The first session that I’m attending today is entitled “Bare Walls, Bare Coverage? — The Great Coverage Debate. The subject matter is insurance, not Bourbon Street.
The most interesting new knowledge to me is that Fannie Mae is essentially requiring HO-6 coverage in connection with mortgages. Additionally, FNMA regulations which have long required reserves for deductibles, are beginning to be enforced; that is impracticable for many associations which are carrying larger deductibles as a means of having adequate insurance.
Another main focus of the session is the fallout from a recent Maryland case, Anderson vs. Gables on Tuckerman, which led to insurance legislation. In that case, in an opinion which reached a similarly absurd result as the Flores v. Earnshaw case, the Maryland Court of Appeals ruled, as explained by Robin Manougian, CIRMS:
“the Maryland Condominium Act does not require the council of unit owners to repair or replace property of an owner in an individual condominium unit after a casualty loss.” The basis of the Court ruling [was] its conclusion that the Condominium Act requires the unit owner to make all repairs to the unit regardless of the cause of the damage.”
Ms. Manougian further explained:
The vast majority of the Condominiums that our Agency insures (and by and large associations insured throughout Maryland) want to maintain traditional Single Entity coverage – master policy property insurance that covers the units, minus improvements and betterments made or acquired by the unit owners. This continues to be the best way to insure condominium associations because of:
— The interdependency of the units to the common elements
— The difficulty of adjusting losses between two or more adjusters – one for the association to the extent common elements are damaged, and one or more for the unit owners depending on the number of units affected at time of loss.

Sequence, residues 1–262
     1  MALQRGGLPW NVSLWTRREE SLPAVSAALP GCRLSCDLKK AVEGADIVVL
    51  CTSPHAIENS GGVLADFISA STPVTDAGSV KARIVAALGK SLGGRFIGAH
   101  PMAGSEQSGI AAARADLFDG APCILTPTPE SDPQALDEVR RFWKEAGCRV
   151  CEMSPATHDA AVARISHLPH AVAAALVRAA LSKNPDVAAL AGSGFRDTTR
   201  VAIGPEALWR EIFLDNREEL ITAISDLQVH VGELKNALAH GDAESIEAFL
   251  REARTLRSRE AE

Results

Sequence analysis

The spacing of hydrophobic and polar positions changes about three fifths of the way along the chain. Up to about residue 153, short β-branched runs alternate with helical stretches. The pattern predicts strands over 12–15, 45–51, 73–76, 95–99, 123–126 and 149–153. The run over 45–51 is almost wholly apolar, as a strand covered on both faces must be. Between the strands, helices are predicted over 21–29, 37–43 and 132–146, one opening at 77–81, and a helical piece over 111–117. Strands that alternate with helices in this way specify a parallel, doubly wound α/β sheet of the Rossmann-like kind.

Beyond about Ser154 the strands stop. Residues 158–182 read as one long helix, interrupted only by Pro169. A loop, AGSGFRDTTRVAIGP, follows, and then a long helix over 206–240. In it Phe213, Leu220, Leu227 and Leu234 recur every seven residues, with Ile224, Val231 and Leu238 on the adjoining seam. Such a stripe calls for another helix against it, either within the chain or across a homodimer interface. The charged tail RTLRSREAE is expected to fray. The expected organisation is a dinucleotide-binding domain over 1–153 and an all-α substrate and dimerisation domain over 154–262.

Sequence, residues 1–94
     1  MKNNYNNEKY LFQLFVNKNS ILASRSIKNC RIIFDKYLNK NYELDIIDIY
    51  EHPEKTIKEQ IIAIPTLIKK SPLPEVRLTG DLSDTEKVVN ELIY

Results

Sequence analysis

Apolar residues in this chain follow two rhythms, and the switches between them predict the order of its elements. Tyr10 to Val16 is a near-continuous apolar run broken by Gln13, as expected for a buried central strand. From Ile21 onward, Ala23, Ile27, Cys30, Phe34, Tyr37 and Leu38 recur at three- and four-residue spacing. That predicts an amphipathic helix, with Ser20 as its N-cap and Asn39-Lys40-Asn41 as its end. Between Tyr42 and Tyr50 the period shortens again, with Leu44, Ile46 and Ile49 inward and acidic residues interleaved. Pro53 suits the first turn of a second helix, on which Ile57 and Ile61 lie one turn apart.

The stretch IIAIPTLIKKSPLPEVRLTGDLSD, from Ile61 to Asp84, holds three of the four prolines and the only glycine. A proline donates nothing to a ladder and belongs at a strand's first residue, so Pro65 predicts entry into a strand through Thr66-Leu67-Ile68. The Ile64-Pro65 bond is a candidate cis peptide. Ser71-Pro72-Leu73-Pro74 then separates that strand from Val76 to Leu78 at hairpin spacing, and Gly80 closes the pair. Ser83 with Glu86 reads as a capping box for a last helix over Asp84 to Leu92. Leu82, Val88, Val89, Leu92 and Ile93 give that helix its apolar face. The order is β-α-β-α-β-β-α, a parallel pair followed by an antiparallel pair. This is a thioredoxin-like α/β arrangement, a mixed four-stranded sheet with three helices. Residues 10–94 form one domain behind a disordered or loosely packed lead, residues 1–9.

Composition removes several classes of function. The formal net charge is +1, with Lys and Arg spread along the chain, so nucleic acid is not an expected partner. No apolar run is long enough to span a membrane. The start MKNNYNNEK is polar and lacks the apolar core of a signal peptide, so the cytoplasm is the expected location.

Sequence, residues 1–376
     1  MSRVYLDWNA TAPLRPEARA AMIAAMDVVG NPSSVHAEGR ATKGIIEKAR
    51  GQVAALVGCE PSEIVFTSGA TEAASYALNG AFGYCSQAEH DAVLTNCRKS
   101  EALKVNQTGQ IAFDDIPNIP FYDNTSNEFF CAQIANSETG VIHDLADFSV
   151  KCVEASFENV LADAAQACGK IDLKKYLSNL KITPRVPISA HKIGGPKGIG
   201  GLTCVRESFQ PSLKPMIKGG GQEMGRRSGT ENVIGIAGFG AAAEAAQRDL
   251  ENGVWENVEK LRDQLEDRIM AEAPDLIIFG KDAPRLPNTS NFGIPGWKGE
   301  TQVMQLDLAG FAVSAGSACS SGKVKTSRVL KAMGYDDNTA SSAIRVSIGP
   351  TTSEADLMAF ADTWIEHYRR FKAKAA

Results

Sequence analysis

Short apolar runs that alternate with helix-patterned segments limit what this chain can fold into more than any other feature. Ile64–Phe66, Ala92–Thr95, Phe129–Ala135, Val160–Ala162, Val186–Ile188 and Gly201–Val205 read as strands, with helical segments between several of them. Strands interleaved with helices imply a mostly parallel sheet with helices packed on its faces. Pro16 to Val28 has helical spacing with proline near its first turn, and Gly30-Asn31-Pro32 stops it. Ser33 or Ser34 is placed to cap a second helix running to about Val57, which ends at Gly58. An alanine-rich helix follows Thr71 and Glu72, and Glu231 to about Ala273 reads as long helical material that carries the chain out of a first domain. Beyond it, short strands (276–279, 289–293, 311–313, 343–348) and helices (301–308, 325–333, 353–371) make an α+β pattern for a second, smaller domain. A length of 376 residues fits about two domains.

— The insurable interest that the Association effectively has in the units. If the units are not properly insured, uninsured or underinsured losses affecting the units can impact value, adversely affecting the entire property.
— Certificates of Insurance: The lenders have not reacted en mass as of this writing. Some have contacted us to verify that either Single Entity of Bare Walls coverage is in place. We suspect these calls will increase with time, and this means that they will look for affirmation of master policy unit coverage, or will begin requiring two certificates: One from the Condominium Association, and one from the unit owner.
— Overall Costs. Single Entity coverage allows the unit owners to buy unit coverage in bulk. The overall replacement value, even if bare walls coverage is rendered, will not change much if at all, which means the premium for the Master Policy will not change, while the premiums for HO-6 based on increased dwelling coverage will increase.
— The Maryland Condominium Act does not require that owners carry HO-6.* (see Fannie Mae requirement effective March 01, 2009)
— Even if HO-6 coverage is carried, the possibility exists that unit owners will fail to have or maintain unit/dwelling coverage at full replacement value at time of
The insurance industry and Maryland’s CAI Legislative Action Committee sponsored and managed to get legislation passed that will fix the result, by allowing associations, through their master policy, to insure the units and the betterments therein.